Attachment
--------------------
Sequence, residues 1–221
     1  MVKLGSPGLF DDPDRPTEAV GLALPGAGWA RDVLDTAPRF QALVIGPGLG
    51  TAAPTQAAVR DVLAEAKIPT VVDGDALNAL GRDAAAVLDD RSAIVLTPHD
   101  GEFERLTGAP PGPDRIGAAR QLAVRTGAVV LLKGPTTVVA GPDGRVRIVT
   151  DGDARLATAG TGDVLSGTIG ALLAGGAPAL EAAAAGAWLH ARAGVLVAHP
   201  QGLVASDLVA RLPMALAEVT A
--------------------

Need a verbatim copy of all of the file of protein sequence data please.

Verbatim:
Sequence, residues 1–221
     1  MVKLGSPGLF DDPDRPTEAV GLALPGAGWA RDVLDTAPRF QALVIGPGLG
    51  TAAPTQAAVR DVLAEAKIPT VVDGDALNAL GRDAAAVLDD RSAIVLTPHD
   101  GEFERLTGAP PGPDRIGAAR QLAVRTGAVV LLKGPTTVVA GPDGRVRIVT
   151  DGDARLATAG TGDVLSGTIG ALLAGGAPAL EAAAAGAWLH ARAGVLVAHP
   201  QGLVASDLVA RLPMALAEVT A